While watching the speech, I tweeted that "Obama sounds remarkably similar to the CEOs I used to listen to on earnings calls: the ones with mediocre EPS and a failing business model." This wasn't a crack at Obama, or Democrats; it was a reaction to the content. And after watching the responses, the impression lingers--indeed, maybe it's strengthened.
The nation is facing some really difficult problems, particularly on the fiscal front. There's no longer any way to put it off; pretty soon, the government is going to have to start making some very hard choices about taxes and spending. No matter what it chooses, that probably means lower economic growth, angry voters, and some real loss on the part of whoever's ox is gored.
Listening to earnings calls means listening to quite a few CEOs in analogous situations. Often, the situations they are in are largely not of their making, or indeed anyone's fault at all. But they are expected to fix it. And too often, they can't, at least not yet. Think of Rick Wagoner, and the other managers at GM who knew they were on the road to disaster, but couldn't exit without the consent of stakeholders who weren't quite ready to believe it was necessary.
Faced with that situation, what does the CEO say? He puts the best face on things. I once listened to the head of a biotech company which was burning cash every quarter, had no good research prospects in the pipeline, and had already capitalized (i.e. sold) the income streams from their existing intellectual property. Despite the fact that this was obviously patently insane, he spent quite a lot of time detailing his plans for the future of the company. What was he supposed to say? "Sell my stock now, guys!"
Everyone on the call knew that the future of the company lay in bankruptcy court or a fire-sale liquidation, but bizarrely, they sort of went along with it. Of course, for obvious reasons, there weren't really a lot of dedicated analysts dialing in.
The government's situation is not quite that bad. But it's pretty bad. The underlying economy is, I think, ultimately fine, but the structural problems with the government's finances are driving it rapidly towards an unpleasant denouement. Like a CEO with a stuck company, however, he can't just say that. Stating the obvious would make things worse, as customers and creditors decide that the end really is nigh, and it's time to get out while they still can.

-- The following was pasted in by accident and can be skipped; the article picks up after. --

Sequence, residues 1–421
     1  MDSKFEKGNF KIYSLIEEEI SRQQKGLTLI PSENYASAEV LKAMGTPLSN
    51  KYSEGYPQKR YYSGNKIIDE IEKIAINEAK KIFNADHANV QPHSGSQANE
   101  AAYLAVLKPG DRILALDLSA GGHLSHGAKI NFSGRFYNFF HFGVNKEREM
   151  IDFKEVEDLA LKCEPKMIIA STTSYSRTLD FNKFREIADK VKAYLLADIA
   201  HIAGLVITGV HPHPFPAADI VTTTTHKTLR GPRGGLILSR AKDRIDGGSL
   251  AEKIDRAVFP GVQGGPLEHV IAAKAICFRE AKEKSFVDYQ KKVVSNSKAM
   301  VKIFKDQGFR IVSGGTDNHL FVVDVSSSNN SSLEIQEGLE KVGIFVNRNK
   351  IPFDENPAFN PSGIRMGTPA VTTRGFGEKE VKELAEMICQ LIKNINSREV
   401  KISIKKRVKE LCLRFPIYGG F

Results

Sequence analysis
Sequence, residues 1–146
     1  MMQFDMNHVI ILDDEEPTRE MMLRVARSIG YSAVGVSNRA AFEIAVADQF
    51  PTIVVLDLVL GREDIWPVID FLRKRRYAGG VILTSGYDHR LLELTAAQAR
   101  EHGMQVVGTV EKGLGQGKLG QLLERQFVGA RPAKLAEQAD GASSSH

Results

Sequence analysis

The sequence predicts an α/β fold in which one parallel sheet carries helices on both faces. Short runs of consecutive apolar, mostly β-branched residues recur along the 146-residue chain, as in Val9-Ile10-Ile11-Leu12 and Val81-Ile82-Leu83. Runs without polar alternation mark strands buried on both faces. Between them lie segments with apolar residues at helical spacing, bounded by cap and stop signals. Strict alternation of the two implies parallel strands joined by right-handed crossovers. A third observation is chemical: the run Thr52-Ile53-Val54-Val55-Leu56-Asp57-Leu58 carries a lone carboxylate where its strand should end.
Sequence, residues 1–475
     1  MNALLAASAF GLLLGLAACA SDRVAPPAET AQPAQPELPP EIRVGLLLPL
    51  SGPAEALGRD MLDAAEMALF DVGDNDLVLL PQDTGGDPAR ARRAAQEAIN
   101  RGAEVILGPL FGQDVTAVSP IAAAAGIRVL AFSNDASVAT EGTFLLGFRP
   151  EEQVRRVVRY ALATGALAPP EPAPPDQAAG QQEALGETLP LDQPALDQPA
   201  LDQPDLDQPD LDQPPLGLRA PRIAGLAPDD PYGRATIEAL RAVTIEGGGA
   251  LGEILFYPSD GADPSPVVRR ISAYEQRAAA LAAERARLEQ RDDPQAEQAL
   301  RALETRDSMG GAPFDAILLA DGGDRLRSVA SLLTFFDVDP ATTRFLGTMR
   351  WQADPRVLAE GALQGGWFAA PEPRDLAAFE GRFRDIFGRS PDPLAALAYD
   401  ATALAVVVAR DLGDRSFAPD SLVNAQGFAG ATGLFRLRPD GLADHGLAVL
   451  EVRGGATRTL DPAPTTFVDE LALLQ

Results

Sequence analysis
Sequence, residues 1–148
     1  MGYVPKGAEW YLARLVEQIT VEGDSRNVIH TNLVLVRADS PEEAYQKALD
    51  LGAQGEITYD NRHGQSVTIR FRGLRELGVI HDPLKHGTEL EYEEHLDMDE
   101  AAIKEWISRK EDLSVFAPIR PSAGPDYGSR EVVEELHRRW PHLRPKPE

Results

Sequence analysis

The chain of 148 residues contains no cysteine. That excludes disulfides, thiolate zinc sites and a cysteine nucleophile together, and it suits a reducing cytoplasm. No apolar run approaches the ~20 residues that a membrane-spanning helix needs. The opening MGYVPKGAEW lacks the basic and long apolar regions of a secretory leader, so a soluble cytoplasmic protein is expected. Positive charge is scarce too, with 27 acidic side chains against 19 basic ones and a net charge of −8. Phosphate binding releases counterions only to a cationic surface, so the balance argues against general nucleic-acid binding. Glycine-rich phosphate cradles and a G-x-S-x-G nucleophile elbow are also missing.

So what do those CEOs do? They spend a lot of time talking about their company's proud history, even if that history only stretches back a few years. They lavish extravagant praise on their awesome, dedicated workforce. And they deftly avoid talking about the big problems, for which they have no solutions, by talking about strategic areas for potential growth ("green jobs"), and going over a laundry list of new initiatives that do nothing to solve any of the core problems. When they are forced to talk about the core problems--and if the company is big enough to attract analyst coverage, they will rudely draw his attention to the problematic areas on the financial statements during the Q&A--he responds in vague generalities that restate the problem as if doing so constituted a solution:
To put us on solid ground, we should also find a bipartisan solution to strengthen Social Security for future generations. And we must do it without putting at risk current retirees, the most vulnerable, or people with disabilities; without slashing benefits for future generations; and without subjecting Americans' guaranteed retirement income to the whims of the stock market.